In Canada approximately one in seven children under the age of 18 lives in poverty. Within the public education system, these students face many obstacles to success. Teachers are in a unique position to see and understand the first warning signs of a youth struggling with effects of poverty. Lower academic achievement, hunger and health issues, and difficulties at home often lead young people into negative and sometimes self-destructive situations. Most importantly, for lack of field trip fees, running shoes, or new glasses, they may not be exposed to opportunities that will help guide them in life.
What if educators had greater discretion to do more to help students in need? Given modest resources and a degree of flexibility, is it possible to make a difference with a small act of kindness? This could be as simple as the timely gift of eyeglasses, assisting with the cost of a school trip, or food for a youth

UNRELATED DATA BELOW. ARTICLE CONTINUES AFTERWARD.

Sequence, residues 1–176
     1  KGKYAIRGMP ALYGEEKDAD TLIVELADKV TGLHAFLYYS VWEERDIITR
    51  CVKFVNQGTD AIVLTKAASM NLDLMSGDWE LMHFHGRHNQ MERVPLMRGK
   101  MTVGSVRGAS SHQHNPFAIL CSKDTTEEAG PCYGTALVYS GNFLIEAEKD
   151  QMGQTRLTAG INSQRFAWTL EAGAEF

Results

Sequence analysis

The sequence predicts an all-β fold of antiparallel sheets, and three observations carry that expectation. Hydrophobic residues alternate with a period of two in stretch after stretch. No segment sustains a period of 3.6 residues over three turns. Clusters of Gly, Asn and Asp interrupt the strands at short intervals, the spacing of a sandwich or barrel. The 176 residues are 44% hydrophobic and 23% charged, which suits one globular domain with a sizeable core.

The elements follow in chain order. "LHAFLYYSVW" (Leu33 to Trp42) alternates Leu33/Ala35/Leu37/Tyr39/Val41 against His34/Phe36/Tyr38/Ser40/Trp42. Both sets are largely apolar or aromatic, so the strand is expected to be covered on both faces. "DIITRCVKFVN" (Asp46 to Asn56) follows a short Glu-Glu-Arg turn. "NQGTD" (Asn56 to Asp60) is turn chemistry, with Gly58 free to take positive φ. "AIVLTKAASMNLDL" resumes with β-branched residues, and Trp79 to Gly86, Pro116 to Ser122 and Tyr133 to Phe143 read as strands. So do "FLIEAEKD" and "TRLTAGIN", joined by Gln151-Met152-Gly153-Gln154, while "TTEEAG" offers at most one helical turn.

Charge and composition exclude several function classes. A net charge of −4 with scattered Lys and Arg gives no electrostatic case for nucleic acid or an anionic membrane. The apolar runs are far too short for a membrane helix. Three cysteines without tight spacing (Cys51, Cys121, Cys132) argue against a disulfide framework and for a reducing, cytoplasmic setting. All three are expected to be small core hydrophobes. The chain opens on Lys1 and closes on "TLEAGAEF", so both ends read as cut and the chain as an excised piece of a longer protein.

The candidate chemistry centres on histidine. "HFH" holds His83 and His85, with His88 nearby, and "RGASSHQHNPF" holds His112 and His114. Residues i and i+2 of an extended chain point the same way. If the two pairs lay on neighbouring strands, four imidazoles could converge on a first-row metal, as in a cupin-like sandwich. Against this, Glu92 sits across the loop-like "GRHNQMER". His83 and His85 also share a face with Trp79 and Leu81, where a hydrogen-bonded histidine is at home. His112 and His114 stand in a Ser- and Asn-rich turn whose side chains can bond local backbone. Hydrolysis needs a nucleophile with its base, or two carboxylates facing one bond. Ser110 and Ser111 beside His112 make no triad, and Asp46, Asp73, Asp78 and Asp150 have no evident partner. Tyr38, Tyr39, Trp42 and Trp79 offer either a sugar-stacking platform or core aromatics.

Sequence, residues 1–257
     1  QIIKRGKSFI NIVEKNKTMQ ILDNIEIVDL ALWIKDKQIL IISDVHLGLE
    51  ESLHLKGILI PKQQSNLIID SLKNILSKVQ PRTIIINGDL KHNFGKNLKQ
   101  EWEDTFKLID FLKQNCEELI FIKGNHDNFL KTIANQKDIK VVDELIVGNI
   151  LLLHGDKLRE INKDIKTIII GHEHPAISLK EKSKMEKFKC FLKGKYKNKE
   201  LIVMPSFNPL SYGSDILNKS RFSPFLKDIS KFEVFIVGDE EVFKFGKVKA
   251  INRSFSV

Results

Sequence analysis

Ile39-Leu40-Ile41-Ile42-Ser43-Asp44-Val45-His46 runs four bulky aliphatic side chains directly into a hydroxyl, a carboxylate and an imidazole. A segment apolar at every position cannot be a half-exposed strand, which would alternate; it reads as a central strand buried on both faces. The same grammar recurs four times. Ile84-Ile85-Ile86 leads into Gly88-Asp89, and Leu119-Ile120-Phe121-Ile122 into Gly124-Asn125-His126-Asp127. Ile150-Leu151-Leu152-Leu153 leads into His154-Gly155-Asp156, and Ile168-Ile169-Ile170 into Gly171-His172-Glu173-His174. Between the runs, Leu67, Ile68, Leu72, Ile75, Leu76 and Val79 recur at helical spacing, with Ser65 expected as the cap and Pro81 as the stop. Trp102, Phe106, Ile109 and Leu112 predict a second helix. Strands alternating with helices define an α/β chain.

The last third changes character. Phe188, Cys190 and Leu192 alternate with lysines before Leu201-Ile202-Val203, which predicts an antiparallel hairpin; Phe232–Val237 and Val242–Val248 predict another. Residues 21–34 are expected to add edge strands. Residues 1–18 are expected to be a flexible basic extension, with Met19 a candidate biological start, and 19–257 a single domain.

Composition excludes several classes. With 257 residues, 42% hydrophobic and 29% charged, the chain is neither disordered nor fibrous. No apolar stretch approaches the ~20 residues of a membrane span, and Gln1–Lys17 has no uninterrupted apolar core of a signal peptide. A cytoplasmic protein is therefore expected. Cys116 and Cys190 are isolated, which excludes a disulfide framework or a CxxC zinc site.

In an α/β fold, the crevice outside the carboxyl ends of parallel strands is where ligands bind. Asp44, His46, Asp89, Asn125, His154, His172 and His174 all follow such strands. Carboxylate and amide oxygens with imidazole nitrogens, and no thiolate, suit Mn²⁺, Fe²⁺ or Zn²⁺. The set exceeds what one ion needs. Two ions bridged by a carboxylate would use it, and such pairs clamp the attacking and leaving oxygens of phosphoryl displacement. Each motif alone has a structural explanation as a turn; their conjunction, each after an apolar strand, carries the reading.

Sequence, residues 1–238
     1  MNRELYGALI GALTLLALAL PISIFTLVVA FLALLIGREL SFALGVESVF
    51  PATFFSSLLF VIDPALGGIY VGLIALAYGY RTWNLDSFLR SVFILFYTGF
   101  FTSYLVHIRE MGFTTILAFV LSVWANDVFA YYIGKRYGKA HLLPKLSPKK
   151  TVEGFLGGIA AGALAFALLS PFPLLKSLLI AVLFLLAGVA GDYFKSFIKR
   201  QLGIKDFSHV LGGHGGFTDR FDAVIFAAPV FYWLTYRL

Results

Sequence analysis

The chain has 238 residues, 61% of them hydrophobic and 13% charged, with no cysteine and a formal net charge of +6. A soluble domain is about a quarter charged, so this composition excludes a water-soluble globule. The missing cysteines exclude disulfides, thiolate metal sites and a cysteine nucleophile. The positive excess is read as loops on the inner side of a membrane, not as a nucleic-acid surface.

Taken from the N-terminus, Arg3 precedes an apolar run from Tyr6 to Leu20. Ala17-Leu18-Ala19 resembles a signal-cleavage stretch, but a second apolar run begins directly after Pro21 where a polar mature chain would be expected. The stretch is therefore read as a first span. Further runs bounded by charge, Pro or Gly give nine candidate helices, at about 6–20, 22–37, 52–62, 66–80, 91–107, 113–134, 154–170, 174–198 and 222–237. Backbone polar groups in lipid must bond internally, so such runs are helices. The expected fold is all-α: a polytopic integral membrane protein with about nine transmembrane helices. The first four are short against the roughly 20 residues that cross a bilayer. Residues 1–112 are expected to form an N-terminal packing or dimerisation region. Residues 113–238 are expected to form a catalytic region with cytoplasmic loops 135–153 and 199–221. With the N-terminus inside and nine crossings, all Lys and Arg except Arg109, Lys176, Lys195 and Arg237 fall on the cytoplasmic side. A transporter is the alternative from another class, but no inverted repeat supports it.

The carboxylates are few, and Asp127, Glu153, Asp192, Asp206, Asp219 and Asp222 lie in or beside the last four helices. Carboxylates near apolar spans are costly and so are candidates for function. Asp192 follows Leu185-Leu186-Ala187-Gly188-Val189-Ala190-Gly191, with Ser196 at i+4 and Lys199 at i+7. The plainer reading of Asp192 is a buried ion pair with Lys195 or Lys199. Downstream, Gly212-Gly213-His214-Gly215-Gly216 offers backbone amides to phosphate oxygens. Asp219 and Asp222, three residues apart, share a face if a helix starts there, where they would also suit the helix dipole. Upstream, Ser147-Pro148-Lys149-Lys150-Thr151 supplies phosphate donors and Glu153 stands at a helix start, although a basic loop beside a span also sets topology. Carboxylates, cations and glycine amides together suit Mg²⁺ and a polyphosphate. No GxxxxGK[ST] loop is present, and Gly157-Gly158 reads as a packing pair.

who is consistently coming to school hungry.
The Student Opportunity Fund is a program that offers a small annual grant, averaging $2,000, given to each of 40 schools annually. The grants are provided to school principals with the direction that funds will be used to address the immediate and emergency needs of high-needs students at the school.
Measuredoutcome.org was asked to review this program with a particular focus
on the following questions:
- Are funds being utilized efficiently by teachers and school administrators to benefit young people in need?
- Can any pattern in use of funds be identified among this group of autonomous and geographically diverse schools?
- Can any improvements be made to the management of this program?
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